Maya Soup

“Soup” is a playful interaction that sets the tone for the day privileging the child’s perspective. It is a complicated version of dodge ball in which there are three balls in play, and students playing against teachers. Because there are so many more students, the game begins with a group of students serving as allies to teachers. Once the game has thinned out to a more even number of teachers and students, the game becomes a contest between students and teachers. The rules are simple once you learn them: 1) You must pass the ball rather than run with it, although taking a few steps is permissible; 2) If the person you are targeting catches the ball, you are out; 3) If the person you target does not catch the ball and it touches her/him, s/he is out; 4) If you hit someone so hard that they cry, then you are out. (The two times I observed this happen, the offender put an arm around the victim and consoled him, even while the victim may at first have been pushing the offender away.) The school’s founders describe this game as an important leveling of the playing field—literally and metaphorically. As an observer, it was clear how the game performed this function. Teachers would run from students with delighted screams. Younger children were often the faster and nimbler players, both difficult to target and fast with the ball. Girls and boys cooperated, passing to each other as well as working equally hard to win against the teachers. Women and men also cooperated, with some of the women teachers using very successful strategies of playing wily defense early in the game only to change tactics when the competition thinned. Observing (and occasionally playing) this game every day for two weeks, I came to see this game as a wonderful metaphor for the school itself. As a form of organized chaos, there are many things occurring simultaneously, impossible to attend to everything at once. There is both playful competition and cultivated cooperation. Natural consequences follow any form of antisocial or unkind behavior. Careful observation and attention are valuable skills, as are assertiveness, cooperation, and risk-taking—when the opportunity presents itself. Anyone can participate, contribute, have fun, learn, improve, and win. However, winning is not the best part or the ultimate goal. It’s the playing that matters.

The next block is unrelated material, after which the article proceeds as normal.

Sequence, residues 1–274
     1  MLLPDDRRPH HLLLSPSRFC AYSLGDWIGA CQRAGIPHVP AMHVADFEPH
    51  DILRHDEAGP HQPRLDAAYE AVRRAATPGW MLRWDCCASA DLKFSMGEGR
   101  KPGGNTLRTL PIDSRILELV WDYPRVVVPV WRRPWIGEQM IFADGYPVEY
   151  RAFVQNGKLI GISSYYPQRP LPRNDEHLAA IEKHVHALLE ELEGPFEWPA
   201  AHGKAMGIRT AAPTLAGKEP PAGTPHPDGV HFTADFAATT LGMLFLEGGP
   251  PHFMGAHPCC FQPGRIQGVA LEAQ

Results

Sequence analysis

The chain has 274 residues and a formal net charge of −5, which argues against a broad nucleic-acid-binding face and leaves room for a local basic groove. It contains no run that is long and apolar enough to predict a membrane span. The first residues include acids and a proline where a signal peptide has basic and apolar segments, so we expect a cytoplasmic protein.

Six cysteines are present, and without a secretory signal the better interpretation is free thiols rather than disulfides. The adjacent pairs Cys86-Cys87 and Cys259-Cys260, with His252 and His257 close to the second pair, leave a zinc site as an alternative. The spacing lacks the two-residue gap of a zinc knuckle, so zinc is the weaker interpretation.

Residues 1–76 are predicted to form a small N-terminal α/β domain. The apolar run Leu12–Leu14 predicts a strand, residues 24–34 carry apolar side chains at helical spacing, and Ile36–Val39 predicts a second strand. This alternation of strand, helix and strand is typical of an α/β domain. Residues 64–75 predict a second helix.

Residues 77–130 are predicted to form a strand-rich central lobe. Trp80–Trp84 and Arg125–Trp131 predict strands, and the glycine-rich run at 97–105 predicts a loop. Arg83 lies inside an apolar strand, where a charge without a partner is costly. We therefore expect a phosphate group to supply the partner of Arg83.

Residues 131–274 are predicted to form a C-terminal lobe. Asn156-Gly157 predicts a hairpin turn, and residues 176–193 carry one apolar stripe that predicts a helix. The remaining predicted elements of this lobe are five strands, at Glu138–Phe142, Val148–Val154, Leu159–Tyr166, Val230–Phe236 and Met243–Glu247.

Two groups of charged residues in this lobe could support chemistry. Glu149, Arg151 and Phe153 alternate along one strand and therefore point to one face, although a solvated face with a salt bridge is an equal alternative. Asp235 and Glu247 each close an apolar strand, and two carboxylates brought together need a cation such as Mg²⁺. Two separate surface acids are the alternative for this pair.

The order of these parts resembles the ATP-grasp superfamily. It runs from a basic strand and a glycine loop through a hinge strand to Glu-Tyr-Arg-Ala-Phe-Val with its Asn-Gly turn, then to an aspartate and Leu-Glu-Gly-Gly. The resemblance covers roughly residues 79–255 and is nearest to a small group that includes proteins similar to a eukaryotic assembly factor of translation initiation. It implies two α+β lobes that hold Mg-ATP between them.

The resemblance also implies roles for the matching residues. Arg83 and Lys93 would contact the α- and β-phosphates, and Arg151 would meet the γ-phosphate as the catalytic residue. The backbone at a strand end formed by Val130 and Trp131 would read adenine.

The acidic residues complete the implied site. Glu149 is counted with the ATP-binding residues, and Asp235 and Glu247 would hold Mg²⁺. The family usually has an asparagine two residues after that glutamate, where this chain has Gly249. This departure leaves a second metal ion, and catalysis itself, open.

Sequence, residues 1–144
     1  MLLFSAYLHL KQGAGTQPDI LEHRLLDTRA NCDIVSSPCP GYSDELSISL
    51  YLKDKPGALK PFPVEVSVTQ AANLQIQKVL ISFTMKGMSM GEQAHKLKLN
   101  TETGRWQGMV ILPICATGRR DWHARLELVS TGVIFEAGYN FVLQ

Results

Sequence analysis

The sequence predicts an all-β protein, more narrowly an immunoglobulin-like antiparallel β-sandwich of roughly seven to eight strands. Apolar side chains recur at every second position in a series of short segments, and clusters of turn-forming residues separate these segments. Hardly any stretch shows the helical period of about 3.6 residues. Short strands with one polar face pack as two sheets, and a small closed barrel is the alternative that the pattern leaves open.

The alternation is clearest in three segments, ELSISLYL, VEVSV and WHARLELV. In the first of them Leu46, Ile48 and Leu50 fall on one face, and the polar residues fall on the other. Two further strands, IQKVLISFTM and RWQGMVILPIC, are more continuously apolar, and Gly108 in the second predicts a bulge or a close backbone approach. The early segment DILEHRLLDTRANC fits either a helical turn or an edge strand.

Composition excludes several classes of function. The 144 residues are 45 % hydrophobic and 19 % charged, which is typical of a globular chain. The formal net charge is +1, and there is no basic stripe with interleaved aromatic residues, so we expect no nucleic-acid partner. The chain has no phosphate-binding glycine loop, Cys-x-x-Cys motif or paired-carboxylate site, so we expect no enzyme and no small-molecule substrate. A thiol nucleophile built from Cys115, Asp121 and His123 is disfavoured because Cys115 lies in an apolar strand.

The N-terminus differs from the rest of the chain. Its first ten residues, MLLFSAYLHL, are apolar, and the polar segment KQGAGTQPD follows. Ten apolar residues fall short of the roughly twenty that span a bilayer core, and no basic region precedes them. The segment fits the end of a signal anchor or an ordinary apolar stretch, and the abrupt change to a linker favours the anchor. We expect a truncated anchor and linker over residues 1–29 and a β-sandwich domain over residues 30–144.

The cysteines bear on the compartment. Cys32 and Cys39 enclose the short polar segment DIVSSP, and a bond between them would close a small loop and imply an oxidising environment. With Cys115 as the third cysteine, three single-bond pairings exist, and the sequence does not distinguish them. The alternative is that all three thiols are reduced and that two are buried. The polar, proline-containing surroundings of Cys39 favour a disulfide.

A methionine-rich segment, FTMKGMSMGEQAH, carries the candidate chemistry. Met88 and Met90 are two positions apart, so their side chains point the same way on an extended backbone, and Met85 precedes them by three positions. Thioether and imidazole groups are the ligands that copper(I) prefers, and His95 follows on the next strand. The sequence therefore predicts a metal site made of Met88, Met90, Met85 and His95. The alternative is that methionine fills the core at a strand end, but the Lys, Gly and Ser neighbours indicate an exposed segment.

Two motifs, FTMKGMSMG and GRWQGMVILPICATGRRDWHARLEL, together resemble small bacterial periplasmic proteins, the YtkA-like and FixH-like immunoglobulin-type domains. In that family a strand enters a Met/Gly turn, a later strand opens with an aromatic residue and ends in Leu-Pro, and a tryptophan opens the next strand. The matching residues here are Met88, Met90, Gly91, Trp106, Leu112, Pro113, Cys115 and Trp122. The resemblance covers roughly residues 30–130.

Virgin Unite Enterpreneurship | Student entrepreneurs run Nepal’s first free private schools

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With huge school drop-out rates and half a million young workers leaving for low-skilled labour abroad, Nepal’s education system is in dire straits. Five youngsters who studied abroad came back to turn the tide.

You can be pretty sure you’re talking to a social entrepreneur when they start their story by saying:

“I used to be one of the kids that I was going to serve.” – Surya Karki

In Surya Karki’s case, that meant poor and without enough resources for a quality education.

Nepali and Manjil